The year following was born a second son, who was called Philip Harclay; upon him the noble knight of that name settled his estate in Yorkshire; and by the king’s permission, he took the name and arms of that family.
The third son was called William; he inherited the fortune of his uncle of that name, who adopted him, and he made the Castle of Lovel his residence, and died a bachelor.
The fourth son was called Edmund; the fifth Owen; and there was also a daughter, called Emma.
When time had worn out the prejudices of Sir Robert Fitz-Owen, the good old Baron of that name proposed a marriage between his eldest son and heir, and the daughter of Edmund Lord Lovel, which was happily concluded. The nuptials were honoured with the presence of both families; and the old Baron was so elevated with this happy union of his descendants, that he cried out, “Now I am ready to die—I have lived long enough—this is the band of love that unites all my children to me, and to each other!” He did not long survive this happy event; he died full of years and honours, and his name was never mentioned but with the deepest marks of gratitude, love and veneration. Sweet is the remembrance of the virtuous, and happy are the descendants of such a father! they will think on him and emulate his virtues—they will remember him, and be ashamed to degenerate from their ancestor.
Many years after Sir Philip Harclay settled at the Castle, he received tidings from his friend Zadisky, by one of the two servants who attended him to the Holy Land. From him he learned that his friend had discovered, by private advices, that he had a son living in Palestine, which was the chief motive of his leaving England; that he had met with various adventures in pursuit of him; that at length he found him, converted him to the Christian religion, and then persuaded him to retire from the world into a monastery by the side of Mount Libanus, where he intended to end his days.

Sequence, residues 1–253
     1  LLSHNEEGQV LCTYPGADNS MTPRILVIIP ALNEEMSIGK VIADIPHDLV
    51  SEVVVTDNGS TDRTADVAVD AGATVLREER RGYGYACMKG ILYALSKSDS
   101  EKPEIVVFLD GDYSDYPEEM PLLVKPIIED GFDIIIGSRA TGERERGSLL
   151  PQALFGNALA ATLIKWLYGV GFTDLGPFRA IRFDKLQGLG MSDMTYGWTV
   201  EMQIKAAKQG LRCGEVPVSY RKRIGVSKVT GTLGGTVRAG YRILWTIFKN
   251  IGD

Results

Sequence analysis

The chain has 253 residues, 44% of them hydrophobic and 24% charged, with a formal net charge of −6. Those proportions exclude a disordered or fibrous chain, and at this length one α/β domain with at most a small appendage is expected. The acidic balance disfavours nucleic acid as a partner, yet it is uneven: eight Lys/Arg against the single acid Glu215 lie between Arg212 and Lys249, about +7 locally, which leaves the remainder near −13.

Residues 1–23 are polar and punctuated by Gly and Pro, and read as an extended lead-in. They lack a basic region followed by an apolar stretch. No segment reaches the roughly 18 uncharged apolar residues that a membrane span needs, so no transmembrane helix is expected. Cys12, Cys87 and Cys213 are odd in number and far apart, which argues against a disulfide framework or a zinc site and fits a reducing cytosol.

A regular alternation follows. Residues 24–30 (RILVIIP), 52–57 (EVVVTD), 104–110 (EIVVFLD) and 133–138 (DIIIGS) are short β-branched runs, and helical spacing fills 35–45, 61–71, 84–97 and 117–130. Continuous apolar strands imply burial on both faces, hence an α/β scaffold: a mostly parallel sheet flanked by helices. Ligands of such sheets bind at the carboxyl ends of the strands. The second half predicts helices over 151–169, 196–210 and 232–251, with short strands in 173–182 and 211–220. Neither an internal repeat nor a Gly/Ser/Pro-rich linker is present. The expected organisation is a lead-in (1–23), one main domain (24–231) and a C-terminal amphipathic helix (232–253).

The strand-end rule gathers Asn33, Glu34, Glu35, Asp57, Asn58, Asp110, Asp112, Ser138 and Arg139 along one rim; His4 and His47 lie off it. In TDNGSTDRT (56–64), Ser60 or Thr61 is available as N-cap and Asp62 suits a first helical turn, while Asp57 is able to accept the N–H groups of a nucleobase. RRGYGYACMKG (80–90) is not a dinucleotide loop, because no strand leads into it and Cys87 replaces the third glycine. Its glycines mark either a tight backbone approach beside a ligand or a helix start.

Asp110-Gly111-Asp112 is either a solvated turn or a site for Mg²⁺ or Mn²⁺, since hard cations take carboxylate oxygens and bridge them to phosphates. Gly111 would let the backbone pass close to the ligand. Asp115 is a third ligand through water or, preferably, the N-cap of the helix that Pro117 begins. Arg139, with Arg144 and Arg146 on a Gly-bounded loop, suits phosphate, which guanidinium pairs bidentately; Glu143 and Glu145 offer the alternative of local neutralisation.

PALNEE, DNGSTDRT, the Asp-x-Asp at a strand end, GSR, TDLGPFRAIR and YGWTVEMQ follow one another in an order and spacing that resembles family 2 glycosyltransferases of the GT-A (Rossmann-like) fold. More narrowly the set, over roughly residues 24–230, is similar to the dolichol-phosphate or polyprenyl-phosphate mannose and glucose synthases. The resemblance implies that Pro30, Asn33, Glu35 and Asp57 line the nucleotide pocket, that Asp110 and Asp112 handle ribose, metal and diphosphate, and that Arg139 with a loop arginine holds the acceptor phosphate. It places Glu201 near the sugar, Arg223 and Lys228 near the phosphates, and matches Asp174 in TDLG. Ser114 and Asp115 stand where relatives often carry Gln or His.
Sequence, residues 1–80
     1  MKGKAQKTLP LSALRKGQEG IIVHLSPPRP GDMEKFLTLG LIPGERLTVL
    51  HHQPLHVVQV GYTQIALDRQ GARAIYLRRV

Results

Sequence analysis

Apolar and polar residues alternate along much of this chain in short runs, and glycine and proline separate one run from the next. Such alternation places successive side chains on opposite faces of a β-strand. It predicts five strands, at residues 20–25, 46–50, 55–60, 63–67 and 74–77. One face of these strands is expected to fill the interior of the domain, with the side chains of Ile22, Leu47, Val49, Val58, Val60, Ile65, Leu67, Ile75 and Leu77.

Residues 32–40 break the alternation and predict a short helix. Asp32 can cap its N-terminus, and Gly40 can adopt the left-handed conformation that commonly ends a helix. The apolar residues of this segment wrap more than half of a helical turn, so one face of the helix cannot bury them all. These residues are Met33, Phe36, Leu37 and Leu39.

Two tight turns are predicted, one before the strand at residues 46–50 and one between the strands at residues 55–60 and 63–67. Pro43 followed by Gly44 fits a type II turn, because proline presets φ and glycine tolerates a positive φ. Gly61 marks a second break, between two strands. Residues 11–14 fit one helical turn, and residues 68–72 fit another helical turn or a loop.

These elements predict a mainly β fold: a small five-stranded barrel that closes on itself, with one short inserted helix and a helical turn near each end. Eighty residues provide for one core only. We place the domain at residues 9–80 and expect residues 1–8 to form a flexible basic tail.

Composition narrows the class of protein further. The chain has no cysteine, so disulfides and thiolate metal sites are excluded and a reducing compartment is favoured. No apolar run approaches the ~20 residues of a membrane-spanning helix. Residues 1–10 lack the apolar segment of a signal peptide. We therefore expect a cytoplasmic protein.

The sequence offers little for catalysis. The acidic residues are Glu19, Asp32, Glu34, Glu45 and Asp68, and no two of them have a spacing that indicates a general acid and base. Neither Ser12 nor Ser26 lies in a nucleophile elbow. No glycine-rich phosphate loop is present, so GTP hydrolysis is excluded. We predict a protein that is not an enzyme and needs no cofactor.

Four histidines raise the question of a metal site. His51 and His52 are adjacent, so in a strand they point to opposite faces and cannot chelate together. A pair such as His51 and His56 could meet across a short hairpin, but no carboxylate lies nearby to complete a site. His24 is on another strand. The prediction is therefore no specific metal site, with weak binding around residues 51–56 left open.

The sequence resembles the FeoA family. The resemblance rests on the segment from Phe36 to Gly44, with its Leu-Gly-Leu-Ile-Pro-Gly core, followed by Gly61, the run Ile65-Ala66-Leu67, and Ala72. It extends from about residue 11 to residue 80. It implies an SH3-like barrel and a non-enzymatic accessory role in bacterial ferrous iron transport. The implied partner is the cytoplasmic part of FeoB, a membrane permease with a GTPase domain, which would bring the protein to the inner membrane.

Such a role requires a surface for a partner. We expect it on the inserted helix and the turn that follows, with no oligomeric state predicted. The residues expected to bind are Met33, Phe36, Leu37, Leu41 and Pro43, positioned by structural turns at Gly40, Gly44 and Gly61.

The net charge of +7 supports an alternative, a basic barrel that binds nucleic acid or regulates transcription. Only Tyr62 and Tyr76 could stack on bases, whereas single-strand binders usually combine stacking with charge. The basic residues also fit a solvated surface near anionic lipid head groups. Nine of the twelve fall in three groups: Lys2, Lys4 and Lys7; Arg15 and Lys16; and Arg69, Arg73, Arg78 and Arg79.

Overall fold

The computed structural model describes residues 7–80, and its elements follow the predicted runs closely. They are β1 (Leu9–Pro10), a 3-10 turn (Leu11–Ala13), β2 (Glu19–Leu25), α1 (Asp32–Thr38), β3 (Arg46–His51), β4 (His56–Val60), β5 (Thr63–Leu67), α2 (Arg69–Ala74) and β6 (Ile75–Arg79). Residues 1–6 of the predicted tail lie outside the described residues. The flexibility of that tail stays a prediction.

That Walter, commonly called Lord Lovel, had entered into the service of the Greek emperor, John Paleologus, not bearing to undergo a life of solitude and retirement; that he made up a story of his being compelled to leave his native country by his relations, for having accidentally killed one of them, and that he was treated with great cruelty and injustice; that he had accepted a post in the emperor’s army, and was soon after married to the daughter of one of the chief officers of it.
Zadisky foresaw, and lamented the downfall of that Empire, and withdrew from the storm he saw approaching. Finally, he bade the messenger tell Sir Philip Harclay and his adopted son, that he should not cease to pray for them, and desired their prayers in return.
Sir Philip desired Lord Lovel to entertain this messenger in his service. That good knight lived to extreme old age in honour and happiness, and died in the arms of his beloved Edmund, who also performed the last duties to his faithful Joseph.